Fifth-grader survives brain tumor, being homeless; family soon to move into new home
MOUNT PLEASANT — Fifth-grader Megan Burns wobbled back and forth in her wheelchair while she silently figured out the sum of “7+1+1.”
Megan Burns and her family have a new mobile home, but they can’t move in until it has new flooring and a ramp for Megan’s wheelchair. They also would like a carport and fence.
Donations can be made at any First Federal branch in the name of “Mission for Megan,” and Belle Hall Elementary will accept giftcards to any home-improvement store.
Anyone with questions may call the Belle Hall Elementary School office at 849-2841.
Seconds later, Megan lifted her head and softly rasped, “9.”
“You rock, sister,” said her teacher and family friend, Christy Crawford, as she wrote Megan’s answer on the worksheet.
It may have been a small moment for Megan, but it was a big sign of the progress she has made. She was diagnosed with a brain tumor about a year ago, and the surgeries, radiation treatments and chemotherapy left her immobile and unable to talk.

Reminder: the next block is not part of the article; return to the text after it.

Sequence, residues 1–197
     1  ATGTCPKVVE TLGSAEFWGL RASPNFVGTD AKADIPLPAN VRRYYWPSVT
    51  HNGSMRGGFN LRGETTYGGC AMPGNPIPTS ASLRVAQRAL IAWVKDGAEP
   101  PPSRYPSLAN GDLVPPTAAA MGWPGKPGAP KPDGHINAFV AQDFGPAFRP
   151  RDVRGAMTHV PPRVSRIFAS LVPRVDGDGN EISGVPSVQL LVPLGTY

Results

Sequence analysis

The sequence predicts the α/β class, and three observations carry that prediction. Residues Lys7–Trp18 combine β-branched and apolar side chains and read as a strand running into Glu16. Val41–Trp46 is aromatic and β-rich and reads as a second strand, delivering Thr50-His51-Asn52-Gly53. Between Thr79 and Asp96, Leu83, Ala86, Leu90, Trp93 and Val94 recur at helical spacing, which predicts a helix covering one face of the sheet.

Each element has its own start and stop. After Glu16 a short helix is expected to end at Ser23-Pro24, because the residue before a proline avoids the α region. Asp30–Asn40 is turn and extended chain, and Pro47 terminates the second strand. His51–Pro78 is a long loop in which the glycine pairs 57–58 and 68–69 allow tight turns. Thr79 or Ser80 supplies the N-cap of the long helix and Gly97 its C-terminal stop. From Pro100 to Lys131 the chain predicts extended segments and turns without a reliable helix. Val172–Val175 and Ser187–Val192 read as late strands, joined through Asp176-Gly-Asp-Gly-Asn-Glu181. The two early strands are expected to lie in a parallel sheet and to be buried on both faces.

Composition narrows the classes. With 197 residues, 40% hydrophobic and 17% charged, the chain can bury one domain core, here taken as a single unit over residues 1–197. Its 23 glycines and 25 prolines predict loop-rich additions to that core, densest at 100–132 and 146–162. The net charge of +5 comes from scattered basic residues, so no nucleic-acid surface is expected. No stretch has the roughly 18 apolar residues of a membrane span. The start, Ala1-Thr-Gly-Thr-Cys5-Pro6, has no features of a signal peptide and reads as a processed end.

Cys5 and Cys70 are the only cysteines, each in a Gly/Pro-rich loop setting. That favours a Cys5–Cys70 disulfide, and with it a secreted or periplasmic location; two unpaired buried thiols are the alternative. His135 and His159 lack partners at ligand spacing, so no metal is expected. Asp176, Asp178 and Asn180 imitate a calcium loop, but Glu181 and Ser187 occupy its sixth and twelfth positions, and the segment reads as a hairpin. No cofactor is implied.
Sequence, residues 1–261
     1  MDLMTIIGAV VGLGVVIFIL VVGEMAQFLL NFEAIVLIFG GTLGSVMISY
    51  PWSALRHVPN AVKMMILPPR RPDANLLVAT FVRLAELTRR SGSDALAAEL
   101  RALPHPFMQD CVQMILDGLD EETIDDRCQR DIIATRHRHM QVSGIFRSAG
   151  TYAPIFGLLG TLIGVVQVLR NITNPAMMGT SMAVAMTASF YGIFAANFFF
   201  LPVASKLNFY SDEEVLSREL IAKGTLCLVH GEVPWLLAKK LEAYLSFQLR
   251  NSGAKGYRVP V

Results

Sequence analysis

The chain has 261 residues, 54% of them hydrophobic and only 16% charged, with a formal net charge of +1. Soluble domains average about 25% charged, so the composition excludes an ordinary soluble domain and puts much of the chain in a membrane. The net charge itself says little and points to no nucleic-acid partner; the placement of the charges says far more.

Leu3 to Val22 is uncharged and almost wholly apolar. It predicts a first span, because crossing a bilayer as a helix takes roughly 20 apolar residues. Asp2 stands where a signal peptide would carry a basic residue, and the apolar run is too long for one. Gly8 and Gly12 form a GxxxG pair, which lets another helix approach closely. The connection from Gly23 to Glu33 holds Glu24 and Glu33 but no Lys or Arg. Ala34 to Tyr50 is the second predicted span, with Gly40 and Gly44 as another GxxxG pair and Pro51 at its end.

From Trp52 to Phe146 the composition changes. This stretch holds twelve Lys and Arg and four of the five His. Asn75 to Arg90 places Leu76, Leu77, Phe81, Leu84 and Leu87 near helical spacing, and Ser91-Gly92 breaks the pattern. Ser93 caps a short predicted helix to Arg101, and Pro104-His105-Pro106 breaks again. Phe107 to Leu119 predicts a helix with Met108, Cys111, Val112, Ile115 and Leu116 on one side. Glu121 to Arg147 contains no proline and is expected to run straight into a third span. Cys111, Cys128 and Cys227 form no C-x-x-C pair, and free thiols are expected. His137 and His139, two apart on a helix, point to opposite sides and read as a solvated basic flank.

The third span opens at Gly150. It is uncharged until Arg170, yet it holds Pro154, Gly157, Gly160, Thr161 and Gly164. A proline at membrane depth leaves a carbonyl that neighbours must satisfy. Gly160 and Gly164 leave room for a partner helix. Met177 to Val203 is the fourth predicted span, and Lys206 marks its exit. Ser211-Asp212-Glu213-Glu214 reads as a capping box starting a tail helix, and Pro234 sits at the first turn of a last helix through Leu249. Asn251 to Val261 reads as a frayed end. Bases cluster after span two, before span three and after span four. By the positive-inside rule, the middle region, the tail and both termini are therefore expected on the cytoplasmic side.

She has endured dozens of speech, physical and occupational therapy sessions since then, and she’s back at Belle Hall Elementary School. On Thursday, that meant practicing multiple-digit addition and decorating a sign for the school’s upcoming Red Ribbon Week celebration.
“Isn’t it amazing what she can do after everything she’s been through?” Crawford said.
Megan’s fragile medical condition ended up causing her family to essentially become homeless, because Megan no longer could live in their single-wide mobile home. Her mother, Irene, found out while Megan was hospitalized that the deteriorating structure posed too many health risks and wasn’t equipped to serve her health needs.
With foster care threatening, Crawford rallied Belle Hall families and others to temporarily furnish and pay for an apartment. The Burns family didn’t know where they would go after that expired in May.
The Post and Courier featured a story on Megan in February, and the broader community responded with generosity. Churches took up collections, and children set up lemonade stands to benefit the newly created Mission for Megan fund.
When the bulk of the fundraising finished, the community had given the Burns family about $100,000.
Crawford took on the role of managing the financial contributions, so Irene hasn’t kept up with how much has been donated. Irene didn’t need to know the dollar figure to be aware of the community’s support, and she said she’s felt overwhelmed by it.